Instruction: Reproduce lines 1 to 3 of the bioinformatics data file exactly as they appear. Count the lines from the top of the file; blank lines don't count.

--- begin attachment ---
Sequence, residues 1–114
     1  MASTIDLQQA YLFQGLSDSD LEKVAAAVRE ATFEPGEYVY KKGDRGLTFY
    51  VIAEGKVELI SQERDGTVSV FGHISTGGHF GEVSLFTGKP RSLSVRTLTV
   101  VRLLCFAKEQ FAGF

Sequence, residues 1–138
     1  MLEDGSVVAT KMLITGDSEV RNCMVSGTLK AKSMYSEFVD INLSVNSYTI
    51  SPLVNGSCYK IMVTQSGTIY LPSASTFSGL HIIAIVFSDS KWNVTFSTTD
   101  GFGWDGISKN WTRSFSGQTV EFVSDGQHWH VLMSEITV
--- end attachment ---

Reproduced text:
Sequence, residues 1–114
     1  MASTIDLQQA YLFQGLSDSD LEKVAAAVRE ATFEPGEYVY KKGDRGLTFY
    51  VIAEGKVELI SQERDGTVSV FGHISTGGHF GEVSLFTGKP RSLSVRTLTV